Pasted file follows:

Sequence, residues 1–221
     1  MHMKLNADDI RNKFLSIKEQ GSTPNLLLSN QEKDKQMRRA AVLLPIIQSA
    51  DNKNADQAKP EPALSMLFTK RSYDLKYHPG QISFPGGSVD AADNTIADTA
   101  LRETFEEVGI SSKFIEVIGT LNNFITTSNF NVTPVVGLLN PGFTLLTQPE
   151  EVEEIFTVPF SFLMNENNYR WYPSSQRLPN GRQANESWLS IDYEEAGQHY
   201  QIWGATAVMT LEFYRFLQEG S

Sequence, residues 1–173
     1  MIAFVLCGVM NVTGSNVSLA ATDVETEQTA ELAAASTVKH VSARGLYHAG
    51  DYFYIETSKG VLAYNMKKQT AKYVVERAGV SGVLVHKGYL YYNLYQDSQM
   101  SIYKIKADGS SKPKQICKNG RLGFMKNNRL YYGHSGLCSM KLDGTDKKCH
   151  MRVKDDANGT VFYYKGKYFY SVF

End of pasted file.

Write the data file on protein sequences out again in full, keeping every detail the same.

Sequence, residues 1–221
     1  MHMKLNADDI RNKFLSIKEQ GSTPNLLLSN QEKDKQMRRA AVLLPIIQSA
    51  DNKNADQAKP EPALSMLFTK RSYDLKYHPG QISFPGGSVD AADNTIADTA
   101  LRETFEEVGI SSKFIEVIGT LNNFITTSNF NVTPVVGLLN PGFTLLTQPE
   151  EVEEIFTVPF SFLMNENNYR WYPSSQRLPN GRQANESWLS IDYEEAGQHY
   201  QIWGATAVMT LEFYRFLQEG S

Sequence, residues 1–173
     1  MIAFVLCGVM NVTGSNVSLA ATDVETEQTA ELAAASTVKH VSARGLYHAG
    51  DYFYIETSKG VLAYNMKKQT AKYVVERAGV SGVLVHKGYL YYNLYQDSQM
   101  SIYKIKADGS SKPKQICKNG RLGFMKNNRL YYGHSGLCSM KLDGTDKKCH
   151  MRVKDDANGT VFYYKGKYFY SVF